Even if the funds could be raised, it will take more than compensating farmers to settle the country’s crisis. 19 AUG 2020 / BY RINGISAI CHIKOHOMERO
The broke Zimbabwean government has announced that it will pay white farmers a whopping US$3.5 billion as compensation for the losses incurred from the chaotic and ill-conceived Fast Track Land Reform Programme of 2000. The agreement, termed the Global Compensation Deed, was entered into between the government and the Commercial Farmers’ Union of Zimbabwe (an exclusive union for white commercial farmers) in July 2020.
This is in the face of a worsening economic situation and growing restlessness within the population. The land reform programme covers the thorny issues of property rights and rule of law. These have been a sore point between Zimbabwe and many western nations, and the basis for sanctions against the country such as the United States’ Zimbabwe Democracy and Economic Recovery Acts.
While the Global Compensation Deed speaks to the 2013 constitutional provisions as well as the promises of Emmerson Mnangagwa’s administration, it has to be understood in the broader context of the Zimbabwean situation. Mnangagwa’s government – under pressure from a rapidly declining economic situation, boiling political temperatures and a restive population facing desperation and destitution – is eager for a different narrative and to win a few friends internationally.
Spirited efforts to rekindle international engagements have so far yielded little and the country’s circumstances haven’t changed. Zimbabwe can hardly pay decent wages for essential services such as in the health sector. It is in no position to raise the contribution required for the US$3.5 billion, even with a partial and staggered payment structure.
The land reform programme was at the core of international disengagement 20 years ago. The administration is hoping the latest move will curry favour with western governments and lead to a better reception of Zimbabwe from international financial markets. Finance Minister Mthuli Ncube announced that government would be setting up a fundraising team comprising his ministry and the commercial farmers to go on an international junket to raise the committed funds.
But Zimbabwe is already deep in debt due to long-term bonds and is unlikely to attract more bonds from the international community. The country owes about US$8 billion to creditors, including the World Bank and African Development Bank. Financial institutions will reasonably be hesitant to lend money to Zimbabwe under such circumstances.
The sanctions imposed on the country by the European Union and the US were largely a reaction to the land reform programme which decimated property rights and contravened the basic tenets of rule of law. However, it will take more than compensating farmers to settle the country’s current crisis. Any such efforts are being fast overtaken by citizens’ rejection of state-sanctioned brutality that has escalated since the post-election violence of 2018.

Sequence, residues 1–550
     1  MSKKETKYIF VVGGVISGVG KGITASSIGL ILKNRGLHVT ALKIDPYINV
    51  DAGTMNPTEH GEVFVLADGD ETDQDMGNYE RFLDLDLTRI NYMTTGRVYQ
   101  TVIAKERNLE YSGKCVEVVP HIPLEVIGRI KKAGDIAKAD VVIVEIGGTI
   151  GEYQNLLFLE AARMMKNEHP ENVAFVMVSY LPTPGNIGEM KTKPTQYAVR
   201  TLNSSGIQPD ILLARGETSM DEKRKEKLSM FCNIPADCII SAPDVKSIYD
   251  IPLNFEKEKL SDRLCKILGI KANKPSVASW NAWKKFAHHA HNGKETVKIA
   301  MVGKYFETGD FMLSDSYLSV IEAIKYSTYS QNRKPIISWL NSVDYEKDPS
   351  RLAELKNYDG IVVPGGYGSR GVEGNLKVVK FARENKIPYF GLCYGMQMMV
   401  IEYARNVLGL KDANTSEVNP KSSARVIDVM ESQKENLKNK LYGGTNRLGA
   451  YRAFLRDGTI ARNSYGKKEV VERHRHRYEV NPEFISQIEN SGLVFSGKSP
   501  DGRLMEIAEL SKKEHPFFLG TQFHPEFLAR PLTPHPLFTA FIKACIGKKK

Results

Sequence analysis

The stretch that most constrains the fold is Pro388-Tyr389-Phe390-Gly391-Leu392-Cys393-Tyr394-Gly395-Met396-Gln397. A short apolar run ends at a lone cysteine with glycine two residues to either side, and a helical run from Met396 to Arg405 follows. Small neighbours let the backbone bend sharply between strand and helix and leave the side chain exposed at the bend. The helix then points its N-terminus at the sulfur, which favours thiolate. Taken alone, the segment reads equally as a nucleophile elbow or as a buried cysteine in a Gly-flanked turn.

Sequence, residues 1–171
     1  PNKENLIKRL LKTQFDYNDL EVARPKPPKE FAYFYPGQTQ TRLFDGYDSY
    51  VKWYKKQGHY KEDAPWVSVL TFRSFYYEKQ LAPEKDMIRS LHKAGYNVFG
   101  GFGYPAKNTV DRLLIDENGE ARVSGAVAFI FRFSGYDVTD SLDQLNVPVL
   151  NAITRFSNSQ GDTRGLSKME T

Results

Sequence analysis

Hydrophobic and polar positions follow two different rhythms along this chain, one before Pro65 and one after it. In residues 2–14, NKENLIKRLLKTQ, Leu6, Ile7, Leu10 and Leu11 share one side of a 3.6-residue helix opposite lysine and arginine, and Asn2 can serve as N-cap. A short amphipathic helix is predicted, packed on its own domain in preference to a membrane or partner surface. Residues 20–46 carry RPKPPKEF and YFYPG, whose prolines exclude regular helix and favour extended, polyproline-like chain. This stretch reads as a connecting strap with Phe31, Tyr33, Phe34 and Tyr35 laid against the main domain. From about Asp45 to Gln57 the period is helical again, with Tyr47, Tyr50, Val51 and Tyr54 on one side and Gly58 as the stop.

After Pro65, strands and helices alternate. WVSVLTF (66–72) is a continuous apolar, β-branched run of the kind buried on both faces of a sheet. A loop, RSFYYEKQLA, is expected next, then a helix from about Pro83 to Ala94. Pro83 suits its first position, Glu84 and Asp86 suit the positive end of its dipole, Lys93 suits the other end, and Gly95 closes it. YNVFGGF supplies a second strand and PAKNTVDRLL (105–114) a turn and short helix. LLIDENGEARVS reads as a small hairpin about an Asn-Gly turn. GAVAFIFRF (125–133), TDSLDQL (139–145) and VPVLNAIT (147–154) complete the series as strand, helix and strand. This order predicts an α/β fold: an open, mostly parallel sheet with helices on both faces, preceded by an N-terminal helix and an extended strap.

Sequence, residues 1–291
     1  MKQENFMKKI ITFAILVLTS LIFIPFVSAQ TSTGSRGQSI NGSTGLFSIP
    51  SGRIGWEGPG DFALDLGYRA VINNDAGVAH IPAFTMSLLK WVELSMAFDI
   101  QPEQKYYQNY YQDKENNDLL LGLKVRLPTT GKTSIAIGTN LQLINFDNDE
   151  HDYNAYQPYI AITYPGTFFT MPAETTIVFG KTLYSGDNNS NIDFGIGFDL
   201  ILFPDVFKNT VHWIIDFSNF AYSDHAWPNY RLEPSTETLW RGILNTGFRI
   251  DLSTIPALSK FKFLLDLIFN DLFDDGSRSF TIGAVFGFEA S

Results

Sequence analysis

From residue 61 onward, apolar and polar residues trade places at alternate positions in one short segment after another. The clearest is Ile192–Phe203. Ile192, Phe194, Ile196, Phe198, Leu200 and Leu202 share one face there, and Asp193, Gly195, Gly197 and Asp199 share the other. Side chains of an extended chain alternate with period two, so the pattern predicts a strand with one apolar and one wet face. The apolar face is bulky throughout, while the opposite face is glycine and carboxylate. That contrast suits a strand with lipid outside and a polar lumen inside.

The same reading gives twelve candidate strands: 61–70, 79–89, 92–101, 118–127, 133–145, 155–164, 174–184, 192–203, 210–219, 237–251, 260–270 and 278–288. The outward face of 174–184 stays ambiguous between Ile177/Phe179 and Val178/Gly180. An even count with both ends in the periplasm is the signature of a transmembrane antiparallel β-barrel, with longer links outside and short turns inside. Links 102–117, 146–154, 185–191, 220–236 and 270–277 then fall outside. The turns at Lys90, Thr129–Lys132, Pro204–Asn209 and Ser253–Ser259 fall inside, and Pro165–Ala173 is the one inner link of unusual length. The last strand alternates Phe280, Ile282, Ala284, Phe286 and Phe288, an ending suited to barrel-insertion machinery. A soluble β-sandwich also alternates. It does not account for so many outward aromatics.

The country’s failure to address human rights malpractices, economic mismanagement and political rights violations, among other pressing issues, stands in the way of improved relations with western countries.
The dire economic problems Zimbabwe has suffered since 2000 are a result of a cocktail of issues including poor administration, mismanagement of resources and corruption. The country has suffered intermittent food shortages and an inability to resuscitate the country’s agribusiness – the backbone of the economy.
Former president Robert Mugabe claimed that the land reform programme was aimed at empowering the black majority, yet more and more Zimbabweans face hunger and starvation. A few black farmers have been productive commercial farmers, but overall economic productivity has been low. The economy never recovered fully from the impact of the land reform programme, and unemployment rates and poverty are rising.
Currently health workers are protesting against poor wages, insufficient equipment and unfavourable working conditions. At the same time, the general public is challenging the erosion of livelihood options, the clampdown on civic space, the misuse of power and unbridled corruption. And the government is reluctant to address hyperinflation, cash shortages and a political crisis.
The agreement to compensate white farmers is one of Mnangagwa’s many symbolic actions that go against what the late Mugabe stood for. Unlike his predecessor, Mnangagwa is coming across as ideologically bankrupt and grasping at straws to lift the economy.
The issue of compensation has been controversial and highly divisive within the Zimbabwe African National Union-Patriotic Front (ZANU-PF) over the past decade. It goes against the grain of core party thinking on property rights, land as a national asset and the injustice of land apportionment during the colonial era. Needless to say, it has drawn a spirited backlash from inside ZANU-PF among those who perceive this as a betrayal of the liberation movement.
However, the compensation journey is far from over. Zimbabwe is in an economic tailspin and the country’s international credit worthiness is such that no key international finance houses would risk lending it money. Paying white farmers billions of dollars that it doesn’t have won’t resolve Zimbabwe’s economic and political crisis – and is certainly not a priority considering the country’s pressing needs in the face of a global pandemic.
Ringisai Chikohomero, Researcher, ISS Pretoria